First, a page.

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Darren Wingfield

Darren Wingfield

Commercial Manager

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Untangling Electric Car Tax Benefits

Posted on 22/11/22  |  5 Minutes
Image of Kia Ev6

With rising fuel prices and a planned ban on sales and leases of all new petrol and diesel cars in 2030, more UK drivers are shifting over to low emission vehicles in the form of either full electric or hybrid models.

As an incentive to encourage electric vehicle adoption, the UK government offers a number of electric car tax benefits for employers and employees. One of the most effective ways to do this is for employers to offer employees the opportunity to own an electric vehicle through a salary sacrifice lease.

To help you get your head around this complex topic, we’re breaking down everything you need to know about electric car tax benefits for employers and employees - outlining how this can benefit your business, your employees and the planet.

Who’s eligible to offer electric cars through their business?

Sole traders, partnerships and limited companies are all eligible to purchase cars through their business to offer employee salary sacrifice lease schemes.

When it comes to reporting and taxation, there may be differences depending on whether the vehicle is used solely for business purposes, for private use only, or a mix of the two. In most cases, only the business use is tax-deductible, although company cars that have private use - including commuting to work - carry benefits in kind.

A benefit in kind (BIK) is a non-cash benefit provided to an employee that carries monetary value - in this case, the cost of an electric vehicle lease. As this salary sacrifice has actual monetary value (the cost of the vehicle lease), it’s treated as taxable income.

All benefits in kind must be reported to HMRC using a P11D form and BIK tax paid.

How do electric vehicle salary sacrifice schemes work?

Offering employees the chance to sacrifice a certain amount of their salary - the cost of the car lease - in exchange for an electric vehicle can be the most financially rewarding option for employees and employers alike.

The list price of the car is used to calculate the value of the benefit-in-kind tax payable each year by the employee.

The salary deduction is taken from the employee's gross salary before any tax deductions.

The benefits for employers

Let’s start by outlining the financial and commercial benefits employers can enjoy when they set up low-emissions company car salary sacrifice schemes for their employees.

Currently, cars with zero CO2 emissions and those with less than 50g/km CO2 emissions don’t require payment of vehicle tax (road tax) and are subject to favourable benefit-in-kind tax rates of 2%.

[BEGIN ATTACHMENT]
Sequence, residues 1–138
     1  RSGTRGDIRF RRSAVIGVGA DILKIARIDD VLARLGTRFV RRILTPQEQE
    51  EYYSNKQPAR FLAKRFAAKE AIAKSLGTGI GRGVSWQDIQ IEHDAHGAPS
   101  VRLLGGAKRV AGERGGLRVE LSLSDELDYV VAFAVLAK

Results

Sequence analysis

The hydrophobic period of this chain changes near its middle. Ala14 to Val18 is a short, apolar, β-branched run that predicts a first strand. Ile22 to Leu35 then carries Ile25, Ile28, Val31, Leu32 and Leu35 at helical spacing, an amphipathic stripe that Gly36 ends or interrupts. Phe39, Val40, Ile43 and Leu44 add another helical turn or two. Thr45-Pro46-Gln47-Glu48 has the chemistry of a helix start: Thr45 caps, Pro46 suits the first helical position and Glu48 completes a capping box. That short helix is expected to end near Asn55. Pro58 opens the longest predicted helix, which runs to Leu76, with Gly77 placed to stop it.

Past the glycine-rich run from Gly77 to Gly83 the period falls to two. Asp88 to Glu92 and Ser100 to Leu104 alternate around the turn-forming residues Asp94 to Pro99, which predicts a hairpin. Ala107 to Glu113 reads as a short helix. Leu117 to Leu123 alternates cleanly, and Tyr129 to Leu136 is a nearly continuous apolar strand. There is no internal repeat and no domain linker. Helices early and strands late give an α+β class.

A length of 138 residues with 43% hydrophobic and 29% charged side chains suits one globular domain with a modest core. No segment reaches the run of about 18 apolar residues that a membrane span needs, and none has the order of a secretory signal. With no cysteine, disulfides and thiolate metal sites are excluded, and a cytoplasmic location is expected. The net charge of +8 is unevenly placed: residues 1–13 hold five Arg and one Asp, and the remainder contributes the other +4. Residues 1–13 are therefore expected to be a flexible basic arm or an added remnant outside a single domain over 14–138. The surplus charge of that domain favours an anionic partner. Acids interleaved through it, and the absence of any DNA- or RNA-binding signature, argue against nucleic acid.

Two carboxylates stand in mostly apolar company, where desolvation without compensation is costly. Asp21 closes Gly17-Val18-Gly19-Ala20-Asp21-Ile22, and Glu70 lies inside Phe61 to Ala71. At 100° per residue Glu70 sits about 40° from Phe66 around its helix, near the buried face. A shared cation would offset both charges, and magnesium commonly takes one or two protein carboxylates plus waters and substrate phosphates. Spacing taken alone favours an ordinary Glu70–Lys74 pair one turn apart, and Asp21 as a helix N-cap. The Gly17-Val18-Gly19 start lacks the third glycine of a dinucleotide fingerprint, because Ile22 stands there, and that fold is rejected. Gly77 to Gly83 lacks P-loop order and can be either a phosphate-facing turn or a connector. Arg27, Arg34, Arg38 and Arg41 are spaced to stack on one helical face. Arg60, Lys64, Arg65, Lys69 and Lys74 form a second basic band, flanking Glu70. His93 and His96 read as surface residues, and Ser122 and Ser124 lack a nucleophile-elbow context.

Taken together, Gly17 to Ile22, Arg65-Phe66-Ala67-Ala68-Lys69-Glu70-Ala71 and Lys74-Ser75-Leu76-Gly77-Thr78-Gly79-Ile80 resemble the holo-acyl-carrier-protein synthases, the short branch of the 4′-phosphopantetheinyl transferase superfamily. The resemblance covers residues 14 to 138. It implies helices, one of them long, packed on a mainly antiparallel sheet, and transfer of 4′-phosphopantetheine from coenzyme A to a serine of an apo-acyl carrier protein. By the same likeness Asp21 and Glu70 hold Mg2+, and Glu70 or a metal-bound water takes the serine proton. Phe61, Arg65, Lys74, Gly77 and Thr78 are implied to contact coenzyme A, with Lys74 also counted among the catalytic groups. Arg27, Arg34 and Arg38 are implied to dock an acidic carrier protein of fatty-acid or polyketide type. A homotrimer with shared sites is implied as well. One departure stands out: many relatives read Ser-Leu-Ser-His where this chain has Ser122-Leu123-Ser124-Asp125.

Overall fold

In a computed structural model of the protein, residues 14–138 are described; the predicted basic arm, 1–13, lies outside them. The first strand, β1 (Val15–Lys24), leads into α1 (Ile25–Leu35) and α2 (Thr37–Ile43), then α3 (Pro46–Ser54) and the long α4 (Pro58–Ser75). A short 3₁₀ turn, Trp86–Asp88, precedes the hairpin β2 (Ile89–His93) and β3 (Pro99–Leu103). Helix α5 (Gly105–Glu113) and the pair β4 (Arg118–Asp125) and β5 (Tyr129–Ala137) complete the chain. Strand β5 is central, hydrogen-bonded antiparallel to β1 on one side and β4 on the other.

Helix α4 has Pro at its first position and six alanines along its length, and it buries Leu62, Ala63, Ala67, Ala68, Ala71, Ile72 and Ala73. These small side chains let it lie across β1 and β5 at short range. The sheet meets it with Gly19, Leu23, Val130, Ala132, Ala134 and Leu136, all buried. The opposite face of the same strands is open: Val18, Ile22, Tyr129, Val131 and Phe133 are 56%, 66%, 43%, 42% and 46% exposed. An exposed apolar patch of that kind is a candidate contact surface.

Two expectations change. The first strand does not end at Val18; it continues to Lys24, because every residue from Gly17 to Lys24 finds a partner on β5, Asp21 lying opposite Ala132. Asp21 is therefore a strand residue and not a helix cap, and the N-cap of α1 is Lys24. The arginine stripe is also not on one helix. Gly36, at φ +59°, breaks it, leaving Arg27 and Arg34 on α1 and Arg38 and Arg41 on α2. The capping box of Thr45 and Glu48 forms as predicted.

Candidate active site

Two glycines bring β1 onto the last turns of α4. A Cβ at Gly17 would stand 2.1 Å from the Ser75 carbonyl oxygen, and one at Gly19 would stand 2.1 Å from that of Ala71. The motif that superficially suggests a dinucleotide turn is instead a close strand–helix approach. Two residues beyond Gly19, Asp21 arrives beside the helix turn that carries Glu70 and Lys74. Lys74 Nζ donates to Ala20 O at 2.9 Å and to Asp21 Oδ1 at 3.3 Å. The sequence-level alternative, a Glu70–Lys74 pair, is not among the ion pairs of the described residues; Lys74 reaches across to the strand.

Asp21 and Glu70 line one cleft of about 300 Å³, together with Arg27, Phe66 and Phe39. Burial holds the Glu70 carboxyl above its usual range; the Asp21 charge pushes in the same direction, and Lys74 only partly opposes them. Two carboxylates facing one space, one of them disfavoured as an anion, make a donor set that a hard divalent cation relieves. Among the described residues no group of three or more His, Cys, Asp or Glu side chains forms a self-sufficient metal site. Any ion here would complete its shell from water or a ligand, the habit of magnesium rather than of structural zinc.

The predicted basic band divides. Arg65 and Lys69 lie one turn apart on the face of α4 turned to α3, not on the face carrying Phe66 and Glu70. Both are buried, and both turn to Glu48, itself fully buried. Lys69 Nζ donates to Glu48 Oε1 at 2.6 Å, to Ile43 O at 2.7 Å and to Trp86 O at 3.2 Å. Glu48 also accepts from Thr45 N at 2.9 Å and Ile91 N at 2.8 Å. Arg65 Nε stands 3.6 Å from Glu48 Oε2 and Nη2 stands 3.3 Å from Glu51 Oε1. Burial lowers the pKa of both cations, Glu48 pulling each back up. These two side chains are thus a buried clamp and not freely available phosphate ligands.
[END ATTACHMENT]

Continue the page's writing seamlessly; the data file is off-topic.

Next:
These low rates will remain in place until 1st April 2025 when electric vehicle road tax will come in line with standard annual road tax rates of £165. Electrical vehicles with a list price of over £40,000 will be required to pay an additional £355 premium car tax rate, increasing their annual vehicle excise duty (VED) to £520.

From 1st April 2025, the BIK rate will also increase to 3% for the 2025/2026 tax year, 4% for 2026/2027 and 5% for 2027/2028.

Despite these planned tax increases, offering employees electric vehicle opt-ins can still provide:

  • Reduced NIC costs
  • Reduced costs for the apprenticeship
  • Reduced business mileage expense claims, as cars run on electricity rather than diesel or petrol
  • 10% claimable VAT return on purchases
  • Eligibility for first year capital allowances, meaning you can deduct the full cost of vehicles from your business’s pre-tax profits
  • Reduced business carbon footprint
  • Increased staff satisfaction and retention levels

The benefits for employees

Employees can also reap the rewards of owning an electric vehicle through a salary sacrifice scheme. Firstly, they receive a new car that can be used for personal and business use with a number of taxable perks:

  • Lower BIK tax than petrol and diesel vehicles (even with the new structure from 2025, this will still offer significant savings)
  • Lower Income Tax and NIC contributions, as the salary sacrifice exchange takes place before these rates are applied
  • Exemption on VAT for the purchase of an electric vehicle (the VAT is passed on to the employer)

Charging points for electric vehicles

When it comes to charging points for electric vehicles, there are different options available and different benefits that come with them.

For instance, if a company decides to install vehicle charging stations on the business premises or at the home of an employee, it’s possible for the business to claim back up to 130% of the cost as part of its capital allowances and VAT on the purchase.

Another option could be for an employer to offer a prepaid charging card that can be used at local authority or public charging points. If this is for a company car, there isn’t any taxable benefit. However, if the employee owns the car, this charging allowance will be considered a taxable benefit based on the cost to the employer, which the employee would have to pay as part of their BIK tax.

Introducing salary sacrifice schemes offering electric vehicle lease or ownership to employees benefits all parties involved. But before you get too revved up, it’s essential to understand the various tax implications to ensure your scheme doesn’t hit a bump in the road.

Enlisting the help of qualified and experienced accountants is always a smart move. With knowledge on the UK tax system and the relevant financial implications, we have the right skill set to help you map out the best approach for your business - ensuring there are no nasty surprises lurking around the bend.

To get the ball rolling, get in touch with the Harlands team today and let us help you fast-track your business’s electric vehicle salary sacrifice scheme.